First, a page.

What do employers and job recruiters look for when checking the social Media accounts of job applicants?Your social media accounts can tell a lot about you as a potential hire. Here are a few things that you can demonstrate with your social media accounts:Relevant posts that show you are passionate and knowledgeable about your career and industryAffiliation and interaction with professionals in your field shows you are connected with and have the respect of people that will help you with success in your next roleGood judgement and professionalismBonus points if you're witty and/or can show depth of knowledge in 140 charactersBonus points if you're tweeting or posting out links to more in-depth work you've doneBonus points if you're showcasing your current employer in a positive lightAnother tip: Follow your target employers. Reference something you learned about their work from that social media feed in your cover letter. These are a few things your prospective employer hopes not to find on your accounts:Posts that indicate inappropriate or unprofessional behavior Rants, rude interactions and general negativity that show you might not be fun to work with Poor grammar and poor communication (posts that don't make sense)The good news is, it's not hard to stand out. Most employers will look at the home page, not click through multiple pages. For most social media accounts, you can quickly put together 3 posts that show you're passionate about your profession and are a nice person for each of your social media accounts. Refresh by adding one more each week that you're applying for jobs. Delete anything questionable or make it private. That's it! Spend one hour and clean up your online image and it can have a very large impact on your success.
Is it legal for employers to ask for social media handles in job application or pre-employment forms?No. Perhaps for a government job requiring a clearance, but I'm not sure about that. Even so, there should be no reason to share you private social media with your future employer.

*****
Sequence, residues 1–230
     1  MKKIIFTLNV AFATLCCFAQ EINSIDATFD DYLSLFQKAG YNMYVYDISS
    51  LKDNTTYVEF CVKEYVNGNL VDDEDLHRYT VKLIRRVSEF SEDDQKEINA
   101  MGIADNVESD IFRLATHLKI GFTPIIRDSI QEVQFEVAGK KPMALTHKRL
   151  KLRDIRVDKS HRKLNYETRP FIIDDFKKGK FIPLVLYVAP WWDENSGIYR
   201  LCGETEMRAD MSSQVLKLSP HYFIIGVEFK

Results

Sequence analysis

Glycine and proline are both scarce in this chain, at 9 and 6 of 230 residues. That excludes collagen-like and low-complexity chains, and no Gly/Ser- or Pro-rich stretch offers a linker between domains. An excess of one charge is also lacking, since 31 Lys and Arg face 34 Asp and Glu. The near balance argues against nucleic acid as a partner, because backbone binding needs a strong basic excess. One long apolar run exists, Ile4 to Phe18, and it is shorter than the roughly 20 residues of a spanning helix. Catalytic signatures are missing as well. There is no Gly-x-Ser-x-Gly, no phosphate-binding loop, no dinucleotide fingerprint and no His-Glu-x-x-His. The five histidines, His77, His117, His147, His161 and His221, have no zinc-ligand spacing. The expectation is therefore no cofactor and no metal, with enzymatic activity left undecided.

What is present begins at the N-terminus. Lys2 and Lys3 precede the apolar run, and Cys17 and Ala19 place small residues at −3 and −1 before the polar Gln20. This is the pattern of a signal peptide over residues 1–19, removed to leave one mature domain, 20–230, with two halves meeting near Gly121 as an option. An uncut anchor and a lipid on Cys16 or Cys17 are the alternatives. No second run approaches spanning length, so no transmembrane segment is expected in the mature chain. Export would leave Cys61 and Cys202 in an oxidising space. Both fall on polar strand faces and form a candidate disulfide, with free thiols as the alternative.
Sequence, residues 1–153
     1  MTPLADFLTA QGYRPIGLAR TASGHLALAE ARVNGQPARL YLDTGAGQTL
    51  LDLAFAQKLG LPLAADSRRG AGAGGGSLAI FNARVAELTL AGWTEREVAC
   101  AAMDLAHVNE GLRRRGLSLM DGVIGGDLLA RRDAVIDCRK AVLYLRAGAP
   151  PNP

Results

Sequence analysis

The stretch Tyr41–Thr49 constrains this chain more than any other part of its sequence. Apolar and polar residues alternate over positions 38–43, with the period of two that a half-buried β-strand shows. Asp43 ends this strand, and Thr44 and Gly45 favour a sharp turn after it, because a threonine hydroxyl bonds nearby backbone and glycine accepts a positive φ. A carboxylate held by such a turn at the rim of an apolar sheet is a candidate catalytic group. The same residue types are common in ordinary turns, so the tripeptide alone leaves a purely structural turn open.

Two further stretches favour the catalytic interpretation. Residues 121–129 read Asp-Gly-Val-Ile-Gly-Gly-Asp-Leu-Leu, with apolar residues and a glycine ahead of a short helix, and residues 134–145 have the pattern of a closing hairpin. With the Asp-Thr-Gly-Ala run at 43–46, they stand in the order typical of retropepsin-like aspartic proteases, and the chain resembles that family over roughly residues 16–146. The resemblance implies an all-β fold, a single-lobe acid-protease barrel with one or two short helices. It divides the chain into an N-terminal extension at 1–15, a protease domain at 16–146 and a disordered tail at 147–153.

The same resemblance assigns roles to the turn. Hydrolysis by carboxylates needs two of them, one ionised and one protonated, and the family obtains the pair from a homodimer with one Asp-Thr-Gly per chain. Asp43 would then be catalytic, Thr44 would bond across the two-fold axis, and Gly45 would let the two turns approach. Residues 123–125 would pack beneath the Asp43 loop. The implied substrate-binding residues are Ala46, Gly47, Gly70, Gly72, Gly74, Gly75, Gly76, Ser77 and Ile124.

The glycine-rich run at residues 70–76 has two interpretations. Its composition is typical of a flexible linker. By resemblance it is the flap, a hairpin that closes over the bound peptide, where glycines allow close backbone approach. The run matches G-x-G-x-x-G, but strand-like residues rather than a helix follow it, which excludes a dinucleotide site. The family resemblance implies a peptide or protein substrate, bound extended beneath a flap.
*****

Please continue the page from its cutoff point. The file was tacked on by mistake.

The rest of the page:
Is it legal for companies to charge a previous employee a fee for filling out an employment verification form?I’m not a lawyer, but I’d say you don’t have to pay. The law, as I know it, requires former employers to confirm your dates of employment and title. If your former employer demands you pay a fee for this, ask for the demand in writing (say you need it for financial records), then send a copy of that demand to the company you applied to, and your state’s Office of the Attorney General or Labor Department. The demand on email would also work, as would a voicemail you can attach to an email.
When filling out a job application, Is it okay to put "better opportunity" as a reason for leaving a previous employer?Yes, you can use this as an explanation, but you might want to expand on the idea a bit by explaining why it was a better opportunity. your explanation could be as simple as “better opportunity with higher pay/better work schedule/greater opportunity for advancement” or whatever else it is you saw as better. People, including the people who will be hiring you, change jobs all the time for better opportunities. Give a little information and they will understand.
I'm filling out the employment verification form online for KPMG and realized that it's not asking me for phone numbers to my previous employers. Just curious as to how they verify employment without me providing a contact number to call?Many US employers today won’t allow individuals (coworkers, supervisors) at a company respond to any questions or write recommendations. Everything must go through HR and they will often only confirm dates of employment.I know this, so I’m not going to waste time contacting phone numbers/email lists of supposed former coworkers or managers. Fact is, if anyone answered and started responding to my questions, I’d be very suspicious. Instead, I just ask for the main number of the company — which I can look up on line and verify to be the actual number of the claimed company.Same deal with academic credentials. I’m not going to use your address for “Harvard” … the one with a PO Box in Laurel, KS. I’m going to look up the address for the registrar myself.Sorry to say, there’s far too much lying on resumes today, combined with the liability possible for a company to say anything about you. A common tactic is to lie about academic back ground while giving friends as your “former supervisor at XYZ.”